Cultural Lessons in Kerala
Study Traditional Arts and Crafts in a Rural Village
“Tai dit-dit tai, tai tai dit-dit tai,” sings my teacher as she whacks a wooden stick on the table to set the rhythm. I whirl through the intricate movements, vainly trying to coordinate my stamping feet and swinging arms with precise hand gestures and the wide-eyed smile of a Bharata Natyam dancer.
My classroom in Aranmula, a tiny village in Kerala, India, is an outdoor platform with a thatched roof. Beyond the platform the jungle offers countless fascinating distractions. Red lizards dart and gorgeous turquoise kingfishers fly past. Local men climb trees with machetes to hack down the swelling jackfruit, and girls with ringing ankle bells wander around collecting firewood. Sometimes Parthan, the village elephant, lumbers by. Once I looked up from my dance practice to see the elephant lying on his side while his mahout stood on his back calmly sweeping him down with a broom.
It has been almost a decade since my first visit to India on a youth exchange, where I was introduced to the most famous of classical Indian dance styles, Bharata Natyam. After a few lessons I was hooked, and I vowed to return to India to learn more.
The Vijnana Kala Vedi Cultural Centre (www.vijnanakalavedi.org) caters to travelers who want to experience rural India and its culture. It offers courses in music, dance, painting, woodcarving, languages, yoga, and Ayurveda (the traditional medicine of India). Set in a small village surrounded by emerald rice paddies along the Pamba River, the center attracts international guests who come to study their chosen art or who simply want to soak up the color of village life.
The center has several comfortable guesthouses scattered throughout the village and guests are encouraged to get to know their neighbors. The locals are indulgent toward the strange foreigners who poke nosily through shops and back lanes, and the village children never tire of calling out a greeting. Uniformed schoolchildren circle guests offering conversation and shy smiles.
At the Vijnana Kala Vedi guests enjoy genuine Keralese home cooking. Meals are always a social event, when everyone gathers on the patio to enjoy a variety of vegetarian dishes served on banana leaves. Some guests have enjoyed the meals so much that they requested lessons, and today the center includes cooking courses.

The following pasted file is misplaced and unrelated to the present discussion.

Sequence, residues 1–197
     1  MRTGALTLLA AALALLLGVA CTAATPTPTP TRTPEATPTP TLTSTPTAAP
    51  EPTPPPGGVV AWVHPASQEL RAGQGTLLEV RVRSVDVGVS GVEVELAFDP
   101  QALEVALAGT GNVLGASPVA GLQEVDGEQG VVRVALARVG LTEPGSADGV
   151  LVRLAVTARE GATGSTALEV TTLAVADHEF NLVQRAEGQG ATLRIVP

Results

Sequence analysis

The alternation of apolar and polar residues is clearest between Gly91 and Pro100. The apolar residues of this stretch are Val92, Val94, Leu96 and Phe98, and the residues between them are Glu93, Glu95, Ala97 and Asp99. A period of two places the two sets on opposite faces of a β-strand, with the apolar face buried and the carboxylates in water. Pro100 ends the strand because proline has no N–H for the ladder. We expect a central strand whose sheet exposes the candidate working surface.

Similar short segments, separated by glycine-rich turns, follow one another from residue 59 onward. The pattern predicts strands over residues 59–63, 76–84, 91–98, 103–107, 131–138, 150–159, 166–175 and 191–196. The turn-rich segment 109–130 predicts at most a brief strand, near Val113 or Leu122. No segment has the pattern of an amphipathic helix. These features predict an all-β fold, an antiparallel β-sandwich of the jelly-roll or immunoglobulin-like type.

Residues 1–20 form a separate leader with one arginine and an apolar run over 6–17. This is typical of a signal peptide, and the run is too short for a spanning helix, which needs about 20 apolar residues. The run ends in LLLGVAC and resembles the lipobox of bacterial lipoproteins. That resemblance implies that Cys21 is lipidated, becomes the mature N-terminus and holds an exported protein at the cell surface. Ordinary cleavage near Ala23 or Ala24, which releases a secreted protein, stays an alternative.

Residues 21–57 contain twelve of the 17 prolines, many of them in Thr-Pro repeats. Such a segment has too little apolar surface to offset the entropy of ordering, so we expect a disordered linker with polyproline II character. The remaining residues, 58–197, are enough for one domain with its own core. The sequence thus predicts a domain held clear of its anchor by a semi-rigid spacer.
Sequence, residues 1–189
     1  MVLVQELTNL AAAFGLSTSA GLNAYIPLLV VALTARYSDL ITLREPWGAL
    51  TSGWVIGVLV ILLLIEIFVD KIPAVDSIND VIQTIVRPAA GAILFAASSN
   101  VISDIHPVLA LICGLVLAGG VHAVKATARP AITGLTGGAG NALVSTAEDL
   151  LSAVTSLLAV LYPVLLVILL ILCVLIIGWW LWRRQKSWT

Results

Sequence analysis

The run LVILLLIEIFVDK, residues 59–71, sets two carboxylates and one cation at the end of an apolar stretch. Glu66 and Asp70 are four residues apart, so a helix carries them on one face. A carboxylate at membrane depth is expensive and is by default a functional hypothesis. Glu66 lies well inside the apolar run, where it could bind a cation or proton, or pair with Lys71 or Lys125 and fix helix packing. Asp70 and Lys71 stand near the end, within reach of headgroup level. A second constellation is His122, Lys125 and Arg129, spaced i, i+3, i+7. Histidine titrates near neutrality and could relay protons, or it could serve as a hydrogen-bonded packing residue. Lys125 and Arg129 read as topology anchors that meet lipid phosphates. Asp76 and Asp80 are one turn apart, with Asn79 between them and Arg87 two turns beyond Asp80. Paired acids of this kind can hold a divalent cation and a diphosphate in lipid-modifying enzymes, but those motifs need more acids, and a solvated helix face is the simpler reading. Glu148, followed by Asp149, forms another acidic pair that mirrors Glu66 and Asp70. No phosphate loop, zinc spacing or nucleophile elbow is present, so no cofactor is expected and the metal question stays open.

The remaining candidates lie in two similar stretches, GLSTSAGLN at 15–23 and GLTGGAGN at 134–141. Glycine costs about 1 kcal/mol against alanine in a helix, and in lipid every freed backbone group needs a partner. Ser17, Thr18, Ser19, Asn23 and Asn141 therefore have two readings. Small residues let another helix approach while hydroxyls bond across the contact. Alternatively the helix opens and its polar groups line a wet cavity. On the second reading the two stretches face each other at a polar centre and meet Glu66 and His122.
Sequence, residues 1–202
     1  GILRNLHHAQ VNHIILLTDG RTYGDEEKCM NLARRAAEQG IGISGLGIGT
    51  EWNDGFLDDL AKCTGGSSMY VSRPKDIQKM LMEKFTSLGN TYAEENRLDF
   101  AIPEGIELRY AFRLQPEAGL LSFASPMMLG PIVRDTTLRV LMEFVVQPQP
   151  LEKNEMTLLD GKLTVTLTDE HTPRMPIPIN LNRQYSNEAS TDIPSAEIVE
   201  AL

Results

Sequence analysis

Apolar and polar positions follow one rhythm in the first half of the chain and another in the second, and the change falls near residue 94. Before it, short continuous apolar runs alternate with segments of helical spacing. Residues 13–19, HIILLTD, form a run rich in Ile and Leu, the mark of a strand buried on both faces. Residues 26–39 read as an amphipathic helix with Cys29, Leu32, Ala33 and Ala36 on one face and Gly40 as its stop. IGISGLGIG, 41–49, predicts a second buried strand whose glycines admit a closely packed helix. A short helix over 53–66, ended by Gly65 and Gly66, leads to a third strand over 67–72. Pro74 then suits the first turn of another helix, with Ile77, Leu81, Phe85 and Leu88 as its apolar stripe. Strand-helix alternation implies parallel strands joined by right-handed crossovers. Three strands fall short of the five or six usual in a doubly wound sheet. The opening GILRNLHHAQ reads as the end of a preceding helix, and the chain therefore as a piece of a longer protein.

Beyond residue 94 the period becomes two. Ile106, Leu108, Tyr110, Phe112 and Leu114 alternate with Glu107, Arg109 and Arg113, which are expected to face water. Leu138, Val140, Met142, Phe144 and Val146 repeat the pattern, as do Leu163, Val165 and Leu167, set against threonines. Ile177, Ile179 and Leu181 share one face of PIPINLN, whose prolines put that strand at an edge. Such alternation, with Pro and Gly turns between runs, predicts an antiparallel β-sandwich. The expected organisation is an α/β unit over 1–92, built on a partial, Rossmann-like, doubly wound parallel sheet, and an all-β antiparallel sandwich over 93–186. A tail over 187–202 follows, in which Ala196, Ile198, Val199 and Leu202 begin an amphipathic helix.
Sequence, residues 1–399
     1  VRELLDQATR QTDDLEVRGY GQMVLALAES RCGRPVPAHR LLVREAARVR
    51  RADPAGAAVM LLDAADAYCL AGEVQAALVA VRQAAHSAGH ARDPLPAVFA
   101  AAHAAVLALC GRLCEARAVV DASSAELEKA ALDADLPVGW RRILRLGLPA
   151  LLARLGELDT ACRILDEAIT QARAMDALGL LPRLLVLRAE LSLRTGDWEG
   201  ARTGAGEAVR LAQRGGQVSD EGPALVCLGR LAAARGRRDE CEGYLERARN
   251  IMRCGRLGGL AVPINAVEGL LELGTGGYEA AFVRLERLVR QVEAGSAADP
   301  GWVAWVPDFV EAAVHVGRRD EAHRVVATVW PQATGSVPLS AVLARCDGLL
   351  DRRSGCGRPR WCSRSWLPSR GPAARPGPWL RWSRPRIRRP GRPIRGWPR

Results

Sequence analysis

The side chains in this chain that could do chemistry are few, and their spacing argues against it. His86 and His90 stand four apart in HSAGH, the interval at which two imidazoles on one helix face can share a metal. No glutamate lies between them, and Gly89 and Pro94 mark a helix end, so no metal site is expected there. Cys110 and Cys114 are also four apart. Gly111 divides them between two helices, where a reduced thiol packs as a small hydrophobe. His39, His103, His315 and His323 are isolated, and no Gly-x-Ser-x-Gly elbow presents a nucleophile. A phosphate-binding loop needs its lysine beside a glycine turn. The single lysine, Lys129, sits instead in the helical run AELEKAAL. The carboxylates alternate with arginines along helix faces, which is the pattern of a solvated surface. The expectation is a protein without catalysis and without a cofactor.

On weekends guests can stroll along the Pamba River, and bicycles are available to explore dozens of pleasant back roads. I spent many happy hours just watching the rhythms of village life: women working in fields, their colorful saris bright against a green background, or the local ferryman, who ferries parties of children across the river to attend school. The small market at the junction is always bustling; rattling buses spit out passengers and shopkeepers noisily compete for their business. Every guest makes a visit to Aranmula’s Parthasarathy temple, a large, elegant structure with a red-tiled roof surrounded by vendors hawking devotional wares.
During my visit several local temples threw open their gates at night for their spring dance festivals. Although the dancing rarely gets started before ten o’clock, whole Indian families attend. My friends and I would hunker down beside the whining tots, sleeping parents, and dozing grannies who gathered on blankets in the temple courtyard. We enjoyed watching a variety of classical dances and a local favorite, Kathakali. This art combines dance and well-loved stories from the Indian epics. The dancers, in elaborate costumes and makeup, use the language of mudras, symbolic gestures, to tell the stories. My companions and I also took in a Padayani ceremony in which men danced themselves into a trance for the goddess Kali.
Beyond the sleepy charm of Arunmula, Kerala offers visitors a variety of fascinating venues to explore. The state itself is
a narrow strip of green that stretches along India’s southeast coast, with steamy jungles rising up to lofty hillstations in the east.
The southern region is justly famous for its backwater tours. The “backwaters” are a lacework of canals that weave their way throughout the state’s coastal lowlands. Tourists float past palm-lined villages in elegant Keralese houseboats that resemble traditional rice barges. Allepey, the take-off point for most of these backwater cruises, is just a few hours away from Aranmula by bus or taxi.
The delightful port city of Cochi, with its Portuguese and Dutch architecture and rabbit warren of antique shops, is a short train ride away. Visitors can spend hours exploring the churches and cemeteries of the old colonial town, wandering scented market lanes lined with spice shops, and admiring the large Chinese fishing nets that line the water. In the evening, dozens of vacationing Indian families gather on the beach to eat ice cream and watch the sunset.
South of Aranmula lies the Varkala, a seaside resort town that caters to the backpacking set, where you can lie on the beach and watch local fisherman brave the surf on their long wooden boats.
The hillstation of Munnar is a good day’s drive from Arunmula, but after a few weeks in the humid lowlands guests often need to escape to the misty hills for the cool climate. This is tea plantation country, where the closely-spaced rows of tea bushes give the hilltops the appearance of being covered in green corduroy. Women, young and old, work the plantations, cutting the leaves carefully before dropping them into baskets strapped to their backs.